Benefit for cancer

By
October 2, 2003

For all women who have suffered from cancer, or for women and
men who have lost a loved one to the deadly disease, there is a way
to help out the community by swimming a mile here at Mills
College.

Since 1998, the Mills swim team has hosted the annual
Swim-A-Mile fundraiser with the Women’s Cancer Resource Center
(WCRC) to raise money for women’s cancer research. The event, to be
held at the Trefethen Aquatic Center on October 4th and 5th, is a
non-competitive fundraising pledge event for swimmers of all ages
and abilities.

Aquatic director Carol Berendsen said, “We do what we can to
raise money for the WCRC. Basically, we [Mills] support this event
by offering our swimming pool facilities. People come from all
over, from as far north as Sacramento, down to San Jose. It’s a
wonderful event with hundreds of people swimming for the same
cause.”

When asked about Swim-A-Mile in general, Berendsen felt that the
event was not only a noble cause, but a very touching one.

“There are many people who take part in this event in memories
of their loved ones. There was a man last year, who had a picture
of his wife who had lost her battle to breast cancer at the end of
the pool, and every time he finished a lap, he would reach up and
touch the picture. Others write messages on their bodies or on
posters. So many inspiring moments take place here,” Berendsen
said.

According to a representative at the WCRC, each participant must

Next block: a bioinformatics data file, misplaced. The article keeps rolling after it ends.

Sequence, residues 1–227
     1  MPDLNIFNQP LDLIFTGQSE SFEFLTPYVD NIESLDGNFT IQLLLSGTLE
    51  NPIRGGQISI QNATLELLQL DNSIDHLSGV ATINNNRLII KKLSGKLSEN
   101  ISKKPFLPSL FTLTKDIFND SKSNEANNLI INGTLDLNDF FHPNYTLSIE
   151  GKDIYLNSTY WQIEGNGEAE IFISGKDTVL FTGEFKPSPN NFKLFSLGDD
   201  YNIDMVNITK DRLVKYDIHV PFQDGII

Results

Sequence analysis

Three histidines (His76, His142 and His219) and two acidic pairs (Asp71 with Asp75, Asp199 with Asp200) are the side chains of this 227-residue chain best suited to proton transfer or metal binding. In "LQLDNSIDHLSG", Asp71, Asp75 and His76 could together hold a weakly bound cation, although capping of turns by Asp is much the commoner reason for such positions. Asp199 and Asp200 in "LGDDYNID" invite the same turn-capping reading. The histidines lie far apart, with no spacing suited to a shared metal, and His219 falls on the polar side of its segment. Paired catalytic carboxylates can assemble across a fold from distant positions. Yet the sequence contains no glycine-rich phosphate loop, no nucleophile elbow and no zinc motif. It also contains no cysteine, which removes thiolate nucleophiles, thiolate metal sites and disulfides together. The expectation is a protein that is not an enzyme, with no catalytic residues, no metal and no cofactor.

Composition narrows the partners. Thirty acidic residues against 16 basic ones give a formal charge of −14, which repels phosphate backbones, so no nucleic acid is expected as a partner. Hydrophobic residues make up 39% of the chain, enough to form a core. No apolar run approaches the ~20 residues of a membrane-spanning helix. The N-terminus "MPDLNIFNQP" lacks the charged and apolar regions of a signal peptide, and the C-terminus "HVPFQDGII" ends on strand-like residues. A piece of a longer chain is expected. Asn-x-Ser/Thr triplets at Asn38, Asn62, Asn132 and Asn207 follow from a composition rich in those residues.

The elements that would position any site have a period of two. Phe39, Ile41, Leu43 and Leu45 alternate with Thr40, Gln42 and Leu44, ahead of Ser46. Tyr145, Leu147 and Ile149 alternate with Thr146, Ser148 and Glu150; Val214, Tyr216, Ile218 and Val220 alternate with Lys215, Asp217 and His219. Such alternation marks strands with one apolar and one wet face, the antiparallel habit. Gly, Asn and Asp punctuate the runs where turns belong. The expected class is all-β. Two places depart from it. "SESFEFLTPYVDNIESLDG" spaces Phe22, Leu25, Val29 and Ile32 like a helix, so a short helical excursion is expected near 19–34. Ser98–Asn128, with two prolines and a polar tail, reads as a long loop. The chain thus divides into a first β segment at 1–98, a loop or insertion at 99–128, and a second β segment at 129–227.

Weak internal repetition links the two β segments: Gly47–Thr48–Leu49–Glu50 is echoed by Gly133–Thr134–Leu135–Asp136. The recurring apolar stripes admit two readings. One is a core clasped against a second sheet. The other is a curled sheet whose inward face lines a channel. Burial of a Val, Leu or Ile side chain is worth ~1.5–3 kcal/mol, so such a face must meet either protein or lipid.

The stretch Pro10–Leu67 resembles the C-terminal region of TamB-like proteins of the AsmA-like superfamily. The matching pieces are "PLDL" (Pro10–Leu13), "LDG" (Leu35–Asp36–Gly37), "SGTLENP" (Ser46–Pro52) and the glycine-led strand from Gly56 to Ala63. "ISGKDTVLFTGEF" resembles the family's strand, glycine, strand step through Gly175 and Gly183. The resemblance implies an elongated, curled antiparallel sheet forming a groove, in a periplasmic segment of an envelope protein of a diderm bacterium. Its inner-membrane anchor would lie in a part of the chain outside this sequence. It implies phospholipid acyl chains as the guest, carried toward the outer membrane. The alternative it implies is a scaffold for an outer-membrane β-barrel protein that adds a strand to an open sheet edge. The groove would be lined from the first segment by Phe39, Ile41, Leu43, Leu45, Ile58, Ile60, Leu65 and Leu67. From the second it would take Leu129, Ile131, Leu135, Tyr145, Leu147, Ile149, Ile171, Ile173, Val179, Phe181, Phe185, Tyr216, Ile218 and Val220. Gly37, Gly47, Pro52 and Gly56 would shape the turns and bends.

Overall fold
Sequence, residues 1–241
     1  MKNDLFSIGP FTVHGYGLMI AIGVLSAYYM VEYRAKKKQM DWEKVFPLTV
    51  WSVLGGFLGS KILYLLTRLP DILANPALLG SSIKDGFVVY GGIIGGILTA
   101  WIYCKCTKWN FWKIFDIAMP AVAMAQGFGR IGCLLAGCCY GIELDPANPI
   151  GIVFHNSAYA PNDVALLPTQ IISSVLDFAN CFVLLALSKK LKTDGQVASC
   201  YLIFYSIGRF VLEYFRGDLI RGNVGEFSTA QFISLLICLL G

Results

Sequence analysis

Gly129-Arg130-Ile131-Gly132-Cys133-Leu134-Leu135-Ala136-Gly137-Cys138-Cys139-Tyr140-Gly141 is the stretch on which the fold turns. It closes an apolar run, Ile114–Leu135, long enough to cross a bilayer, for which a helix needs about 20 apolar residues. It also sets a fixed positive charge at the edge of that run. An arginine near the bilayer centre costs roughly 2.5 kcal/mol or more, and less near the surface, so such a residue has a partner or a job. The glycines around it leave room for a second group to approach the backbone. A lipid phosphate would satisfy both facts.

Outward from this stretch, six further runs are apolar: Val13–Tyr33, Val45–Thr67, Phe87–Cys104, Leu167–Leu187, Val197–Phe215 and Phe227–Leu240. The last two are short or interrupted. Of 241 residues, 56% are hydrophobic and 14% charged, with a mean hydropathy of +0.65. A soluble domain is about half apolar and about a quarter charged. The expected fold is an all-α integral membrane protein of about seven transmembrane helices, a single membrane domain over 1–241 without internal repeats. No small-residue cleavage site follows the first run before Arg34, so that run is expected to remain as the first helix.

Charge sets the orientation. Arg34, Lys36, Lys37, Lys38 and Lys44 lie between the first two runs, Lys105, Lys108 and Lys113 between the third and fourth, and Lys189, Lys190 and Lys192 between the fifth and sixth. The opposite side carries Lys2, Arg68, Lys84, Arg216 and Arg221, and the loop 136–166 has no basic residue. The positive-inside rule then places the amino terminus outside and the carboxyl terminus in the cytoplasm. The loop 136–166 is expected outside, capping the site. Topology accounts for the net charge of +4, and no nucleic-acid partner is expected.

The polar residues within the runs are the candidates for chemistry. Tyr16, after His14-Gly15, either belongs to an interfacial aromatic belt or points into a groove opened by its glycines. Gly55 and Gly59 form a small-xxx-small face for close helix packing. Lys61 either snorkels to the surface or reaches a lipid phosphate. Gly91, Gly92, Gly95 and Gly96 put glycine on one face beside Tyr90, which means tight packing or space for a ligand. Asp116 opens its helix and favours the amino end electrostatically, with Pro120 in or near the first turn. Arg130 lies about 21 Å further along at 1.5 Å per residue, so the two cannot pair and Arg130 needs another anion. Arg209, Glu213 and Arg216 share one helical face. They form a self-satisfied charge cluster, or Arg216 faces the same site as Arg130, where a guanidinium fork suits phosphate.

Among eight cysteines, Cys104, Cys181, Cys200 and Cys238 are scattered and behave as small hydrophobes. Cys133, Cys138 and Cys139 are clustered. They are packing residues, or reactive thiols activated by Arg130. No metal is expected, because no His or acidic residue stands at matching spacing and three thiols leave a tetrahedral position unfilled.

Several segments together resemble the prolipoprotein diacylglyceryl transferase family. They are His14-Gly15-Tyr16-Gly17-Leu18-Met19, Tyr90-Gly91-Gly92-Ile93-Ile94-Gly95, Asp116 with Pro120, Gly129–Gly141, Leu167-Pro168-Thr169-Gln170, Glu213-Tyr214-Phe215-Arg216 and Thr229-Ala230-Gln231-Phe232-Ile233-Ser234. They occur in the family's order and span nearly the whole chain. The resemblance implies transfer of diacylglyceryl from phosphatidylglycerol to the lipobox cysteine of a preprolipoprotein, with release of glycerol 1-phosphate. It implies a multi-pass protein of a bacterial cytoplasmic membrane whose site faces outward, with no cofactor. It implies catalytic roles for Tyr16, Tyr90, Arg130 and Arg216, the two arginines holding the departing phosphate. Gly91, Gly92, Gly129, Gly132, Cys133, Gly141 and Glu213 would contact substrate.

raise a minimum of $150 and record pledges on a form. Not everyone
who participates has to swim exactly a mile; it is up to the
swimmer. Participants are also welcome to participate as an
organized team, with a minimum of four people.

“A mile in the pool is about 70 lengths. Most people take around
45 minutes or so to complete that. More experienced swimmers
usually take less time, but most people get it done in less than an
hour,” said Berendsen.

Head swim coach Neil Virtue was also very excited about the
upcoming event, as he mentioned that by last weekend, at least 400
people had already signed up, in contrast to the 250 people that
had signed up around the same time last year.

“In addition to Mills hosting the event, the swim team also
offers ‘stroke clinics,’ in which we help people who will be
participating to improve their swimming techniques,” said
Virtue.

Virtue also said, “It’s a two day event and it starts early in
the morning till around 5:00 p.m., so people usually come and go.
There’s usually enough room, even though there’ll be more than 400
people taking part. Not everyone will be there at the same time, so
it works out.”

Anyone who is interested in finding out more about the
fundraising event, or would like to participate, should contact
Neil Virtue at nvirtue@mills.edu.

 

 

 

 

 

 

 


Benefit for cancer was published on October 2, 2003 in Sports & Health

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